Read more from Manaugh’s BLDGBLOG here.

I saw the film “Take Shelter” last night, which includes one of my favorite things in the world: the strange shifting shape of a flock of flying birds. I’ve been told that these patterns come partly from most bird’s ability to see 360º around itself. The other reason must come from some desire to stay tethered to the group, which looks like such an elaborate movement that usually translate into the short distance of moving from one tree to the next.
The film was a beautiful meditation on the senses and what is “seen” versus what is happening. Without trying to give too much away, Curtis’ visions and hallucinations belie his rural Ohio existence but hint at either an apocalyptic shift or a deep retreat into the mind. Perception is always subjective. If seemingly important messages are sent to us via senses or modes not normal culturally, how can we say if we should follow them?  The film used the image of a flock of birds as a metaphor for the uncanny, how this nameless pattern might express a deeper strangeness about the world. Like an augur, we hope to “read” the communications that animals can’t speak explicitly.
On reading more about birds, this may have some value: birds have the largest eyes relative to their size of any mammal, with a flattened shape and ciliary muscles that can change the shape of the lens rapidly. They have four color receptors (most mammals have two), allowing them to see not only the ultraviolet spectrum, but magnetic fields. The ratio of photo receptors to optic nerves is very high, giving them greater visual acuity. Humans have 200,000 receptors per square mm; buzzards have 1,000,000.
Birds can also resolve movement faster than humans, due to their perception of flickering rate. Any movements above 50Hz appears as continuous to humans; for some birds, the threshold is more than 100Hz without seeing this as a blur. Amazingly, birds can also perceive incredibly slow movement that we also do not actively see, such as the passing of the sun through the sky. We tend to project our knowledge of the world on others, with the assumption that there is at least a universal perception of it. The divide in perceptions of the world points to an interesting ontological argument.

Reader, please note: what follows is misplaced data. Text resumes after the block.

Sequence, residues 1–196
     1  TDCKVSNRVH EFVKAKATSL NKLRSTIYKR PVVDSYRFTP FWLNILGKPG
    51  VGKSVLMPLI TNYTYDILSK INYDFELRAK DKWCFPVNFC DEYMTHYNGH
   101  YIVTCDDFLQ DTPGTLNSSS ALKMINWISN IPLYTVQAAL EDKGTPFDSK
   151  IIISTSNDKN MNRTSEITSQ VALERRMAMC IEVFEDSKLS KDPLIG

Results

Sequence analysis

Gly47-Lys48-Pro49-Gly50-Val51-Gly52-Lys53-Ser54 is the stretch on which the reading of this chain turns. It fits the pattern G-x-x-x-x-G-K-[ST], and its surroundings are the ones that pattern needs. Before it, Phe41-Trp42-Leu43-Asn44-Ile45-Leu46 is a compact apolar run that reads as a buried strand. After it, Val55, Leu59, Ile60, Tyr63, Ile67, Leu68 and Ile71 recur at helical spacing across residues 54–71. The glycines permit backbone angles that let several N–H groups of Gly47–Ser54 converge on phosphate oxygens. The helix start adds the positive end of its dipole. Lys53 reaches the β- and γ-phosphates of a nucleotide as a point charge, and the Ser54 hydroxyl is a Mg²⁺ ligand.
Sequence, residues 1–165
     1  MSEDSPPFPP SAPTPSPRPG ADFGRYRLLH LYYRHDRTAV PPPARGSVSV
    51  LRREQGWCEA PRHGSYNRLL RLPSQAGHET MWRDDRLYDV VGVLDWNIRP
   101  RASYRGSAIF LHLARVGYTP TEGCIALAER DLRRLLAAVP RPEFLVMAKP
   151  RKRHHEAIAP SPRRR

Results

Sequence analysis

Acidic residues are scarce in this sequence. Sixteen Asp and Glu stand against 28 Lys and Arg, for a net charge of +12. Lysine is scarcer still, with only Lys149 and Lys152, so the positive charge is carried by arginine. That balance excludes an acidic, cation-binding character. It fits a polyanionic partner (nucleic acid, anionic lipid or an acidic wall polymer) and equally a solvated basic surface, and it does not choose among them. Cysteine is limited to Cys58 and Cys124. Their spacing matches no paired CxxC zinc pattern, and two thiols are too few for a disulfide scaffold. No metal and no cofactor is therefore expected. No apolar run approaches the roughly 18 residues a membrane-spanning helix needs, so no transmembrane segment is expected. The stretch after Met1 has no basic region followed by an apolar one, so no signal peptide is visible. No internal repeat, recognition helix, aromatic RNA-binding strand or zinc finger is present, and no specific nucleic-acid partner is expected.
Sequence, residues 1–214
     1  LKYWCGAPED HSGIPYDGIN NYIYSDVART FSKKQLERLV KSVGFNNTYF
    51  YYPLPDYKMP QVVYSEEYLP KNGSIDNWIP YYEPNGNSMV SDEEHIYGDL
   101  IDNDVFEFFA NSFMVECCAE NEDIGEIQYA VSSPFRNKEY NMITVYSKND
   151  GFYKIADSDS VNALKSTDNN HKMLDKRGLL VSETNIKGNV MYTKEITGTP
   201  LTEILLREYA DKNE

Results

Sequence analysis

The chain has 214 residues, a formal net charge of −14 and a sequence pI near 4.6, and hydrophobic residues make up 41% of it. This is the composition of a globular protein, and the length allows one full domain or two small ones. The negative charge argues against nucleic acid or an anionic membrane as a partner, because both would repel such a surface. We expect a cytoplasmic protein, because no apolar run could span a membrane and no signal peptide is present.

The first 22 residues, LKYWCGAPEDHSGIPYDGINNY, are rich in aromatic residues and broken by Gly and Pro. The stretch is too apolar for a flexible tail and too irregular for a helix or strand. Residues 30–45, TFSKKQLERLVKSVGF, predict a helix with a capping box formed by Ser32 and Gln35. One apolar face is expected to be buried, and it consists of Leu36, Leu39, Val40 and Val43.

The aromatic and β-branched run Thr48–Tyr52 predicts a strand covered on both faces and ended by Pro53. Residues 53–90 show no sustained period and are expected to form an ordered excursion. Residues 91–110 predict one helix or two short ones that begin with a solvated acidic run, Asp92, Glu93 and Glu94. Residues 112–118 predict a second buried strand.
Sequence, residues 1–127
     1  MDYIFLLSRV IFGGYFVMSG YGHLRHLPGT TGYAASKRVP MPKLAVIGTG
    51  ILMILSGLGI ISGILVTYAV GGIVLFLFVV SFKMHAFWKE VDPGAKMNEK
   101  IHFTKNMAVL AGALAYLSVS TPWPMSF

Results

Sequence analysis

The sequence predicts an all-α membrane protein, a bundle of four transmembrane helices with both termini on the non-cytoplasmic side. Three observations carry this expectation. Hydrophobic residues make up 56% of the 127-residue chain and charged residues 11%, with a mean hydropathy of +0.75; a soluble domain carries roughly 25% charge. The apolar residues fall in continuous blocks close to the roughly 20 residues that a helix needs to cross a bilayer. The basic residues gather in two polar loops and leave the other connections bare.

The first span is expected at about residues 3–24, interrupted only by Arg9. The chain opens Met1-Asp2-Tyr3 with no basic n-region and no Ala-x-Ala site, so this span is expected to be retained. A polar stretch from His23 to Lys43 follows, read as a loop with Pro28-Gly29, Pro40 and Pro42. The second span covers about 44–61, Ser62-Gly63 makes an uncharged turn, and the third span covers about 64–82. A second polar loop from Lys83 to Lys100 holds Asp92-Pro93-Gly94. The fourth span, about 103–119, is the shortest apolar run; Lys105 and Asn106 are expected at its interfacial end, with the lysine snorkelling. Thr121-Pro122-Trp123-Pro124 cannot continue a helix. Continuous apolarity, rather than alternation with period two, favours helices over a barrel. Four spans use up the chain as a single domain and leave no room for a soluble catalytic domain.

I realized I actually posted about this last year, so here is the video again…

From 11.18.2010: Yesterday, I bought some industrial shelves from a woman who runs a sewing and miscellany shop. She had posted them on Craigslist, which I’ve loved for the past year because it is affordable and eliminates the more mysterious aspects of a market economy. I’ve found most of the sellers I’ve dealt with to be kind and interested in someone using their discarded items that they themselves have no further use for. I suppose that plays off of my own sentimentality: that even things discarded are carefully passed on to another specific user instead of thrown out or anonymously donated.
The shelves are great, a much-needed addition to our cluttered workspace. It was somehow comforting to know that they came from a similar situation: of being filled with fabric, old vintage items, miscellany. The woman who sold them to us showed us a wooden box of cards she had found. She had not seen them in a long time, hidden somewhere on the shelves before their dis-assembly. She was collecting playing cards she found on the street, in the hopes that one day she would have a full deck. It was a curious exercise in ordering the chaotic, and also putting faith in the random. It’s beautiful to think that the found cards would not all be the same, that there was an entire deck of mismatched cards laying on streets, waiting for someone to bring them together. Like all curated collections, the order may come from the collector. It is sometimes their role to find the meaning in the accumulation.
After we had loaded up and paid, she said very seriously: “Now remember, take time to set up your shelves and organize. It’s very important to do that.”